Pennsylvania Historic Preservation

Blog of the Pennsylvania Historic Preservation Office

Summer 2018 PA Historic Tax Credit Update

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After a chaotic winter where one of the federal government’s most successful historic preservation programs over the past 40 years – the Historic Preservation Tax Credit – was almost eliminated during federal tax reform, there is a lot to catch up on relating to both the federal and Pennsylvania historic tax credit programs.

Federal HTC Update

If you were not following federal tax reform at the end of 2017 and its impact on the federal historic tax credit program, you can find a complete overview of changes to the program in this story by Novogadac & Company. Many thanks go out to all individuals and organizations that worked to save this vital historic preservation program but special thanks go out to the National Trust for Historic Preservation and Historic Tax Credit Coalition at the federal level and Preservation Pennsylvania at the state level.

Pennsylvania HTC Updates

$3 Million in FY 2017-2018 Historic Preservation Tax Credits (HPTC)

The second major update is that Department of Community and Economic Development Secretary Dennis Davin, and Pennsylvania Historical and Museum Commission Executive Director Andrea Lowery recently announced the latest recipients of the 2017 Historic Preservation Tax Credits.

State investment by this important program will help create over an estimated $257 Million in rehabilitation expenditures for projects that preserve historic buildings, revitalize communities, and promote local economic development.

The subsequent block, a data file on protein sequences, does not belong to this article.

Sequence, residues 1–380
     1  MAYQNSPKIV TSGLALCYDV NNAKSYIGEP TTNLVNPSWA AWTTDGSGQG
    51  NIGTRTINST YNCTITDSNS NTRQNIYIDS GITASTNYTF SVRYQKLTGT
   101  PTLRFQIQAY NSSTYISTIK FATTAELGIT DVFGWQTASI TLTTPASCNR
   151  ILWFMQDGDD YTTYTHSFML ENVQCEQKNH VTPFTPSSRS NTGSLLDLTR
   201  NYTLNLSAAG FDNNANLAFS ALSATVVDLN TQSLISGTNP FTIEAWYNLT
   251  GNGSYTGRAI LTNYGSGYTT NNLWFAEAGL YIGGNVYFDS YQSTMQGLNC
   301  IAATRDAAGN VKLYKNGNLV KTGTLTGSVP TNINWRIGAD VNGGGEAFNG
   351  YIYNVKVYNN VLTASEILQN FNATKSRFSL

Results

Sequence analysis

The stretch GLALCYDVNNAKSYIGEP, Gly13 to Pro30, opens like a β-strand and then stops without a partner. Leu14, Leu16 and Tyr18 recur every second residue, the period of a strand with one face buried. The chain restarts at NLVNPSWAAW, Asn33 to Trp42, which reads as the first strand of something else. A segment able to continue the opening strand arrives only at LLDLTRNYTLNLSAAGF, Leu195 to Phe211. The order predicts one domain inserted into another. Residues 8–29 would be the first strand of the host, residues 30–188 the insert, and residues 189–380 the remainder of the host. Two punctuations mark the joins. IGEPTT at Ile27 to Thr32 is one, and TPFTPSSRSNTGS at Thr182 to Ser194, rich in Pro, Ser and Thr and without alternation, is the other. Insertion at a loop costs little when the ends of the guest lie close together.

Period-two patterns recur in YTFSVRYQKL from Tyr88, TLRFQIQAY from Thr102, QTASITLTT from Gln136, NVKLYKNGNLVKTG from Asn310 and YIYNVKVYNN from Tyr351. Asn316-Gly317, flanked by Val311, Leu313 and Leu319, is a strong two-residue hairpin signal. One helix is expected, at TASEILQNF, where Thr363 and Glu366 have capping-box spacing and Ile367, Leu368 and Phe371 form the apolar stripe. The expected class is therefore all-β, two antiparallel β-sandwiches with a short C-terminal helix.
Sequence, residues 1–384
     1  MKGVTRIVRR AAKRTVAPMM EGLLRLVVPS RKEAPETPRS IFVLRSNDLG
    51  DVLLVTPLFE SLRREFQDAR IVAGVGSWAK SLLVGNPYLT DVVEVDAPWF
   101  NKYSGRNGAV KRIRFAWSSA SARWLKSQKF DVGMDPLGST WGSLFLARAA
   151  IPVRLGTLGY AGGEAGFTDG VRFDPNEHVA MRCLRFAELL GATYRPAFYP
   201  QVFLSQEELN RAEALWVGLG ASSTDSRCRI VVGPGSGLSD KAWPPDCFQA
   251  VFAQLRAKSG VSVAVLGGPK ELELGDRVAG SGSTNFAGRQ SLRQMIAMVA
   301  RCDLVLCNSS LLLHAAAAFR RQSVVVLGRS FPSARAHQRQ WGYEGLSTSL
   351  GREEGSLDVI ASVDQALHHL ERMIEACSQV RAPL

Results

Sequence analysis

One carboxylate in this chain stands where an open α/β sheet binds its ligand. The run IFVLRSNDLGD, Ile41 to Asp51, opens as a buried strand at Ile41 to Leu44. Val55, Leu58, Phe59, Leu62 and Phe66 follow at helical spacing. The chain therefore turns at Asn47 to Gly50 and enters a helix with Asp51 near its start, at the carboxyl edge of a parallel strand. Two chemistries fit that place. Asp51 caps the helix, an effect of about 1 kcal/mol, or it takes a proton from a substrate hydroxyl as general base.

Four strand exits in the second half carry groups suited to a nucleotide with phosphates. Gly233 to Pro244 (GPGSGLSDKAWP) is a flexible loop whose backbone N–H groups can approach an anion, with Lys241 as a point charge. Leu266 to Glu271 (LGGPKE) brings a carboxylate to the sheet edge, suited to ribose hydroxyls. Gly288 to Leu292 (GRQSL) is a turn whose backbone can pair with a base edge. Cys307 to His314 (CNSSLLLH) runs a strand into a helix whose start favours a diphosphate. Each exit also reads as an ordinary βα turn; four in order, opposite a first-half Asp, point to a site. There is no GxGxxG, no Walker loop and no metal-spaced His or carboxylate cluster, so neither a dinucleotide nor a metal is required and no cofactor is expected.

Selected projects range from a historic silk mill in Kutztown, Berks County that is being converted into a toothbrush manufacturing facility to a vacant downtown commercial building converted into mixed use apartment building in downtown Philipsburg, Centre County to the revival of the landmark Yorktowne Hotel in York, York County.

Yorktowne Hotel in downtown York.

The twenty-one projects that are allocated the $3 million in tax credits will leverage with an estimated $257 million in construction projects. In all, 73 applicants had sought over $17 million in tax credits for construction projects totaling more than $693 million in estimated costs. Please see the full list of FY 2017-2018 projects below:

  • 521 Armandale Street, Pittsburgh, Allegheny County – Rehabilitation of historic rowhouse in the Mexican War Streets Historic District into an affordable housing. $86,303 tax credit allocation, $345,211 in estimated construction expenditures
  • 1010 Morrison Street, Pittsburgh, Allegheny County – Rehabilitation of historic rowhouse in the Old Allegheny Rows Historic District into an affordable housing. $43,697 tax credit allocation, $182,855 in estimated construction expenditures
  • Arrott Building – Pittsburgh, Allegheny County – Rehabilitation of historic office building in the Fourth Avenue Historic District into a hotel. $200,000 tax credit allocation, $43,218,472 in estimated construction expenditures
Color postcard of tall building.

This historic postcard of the Arrott Building captures the prominence of this Pittsburgh skyscraper.

  • Bayard School – Pittsburgh, Allegheny County – Rehabilitation of National Register listed school into apartments. $150,000 tax credit allocation, $3,224,807 in estimated construction expenditures
  • Bonn Building – Pittsburgh, Allegheny County – Rehabilitation of historic office building in the Penn-Liberty Historic District into commercial market rate apartments. $200,000 tax credit allocation, $6,774,267 in estimated construction expenditures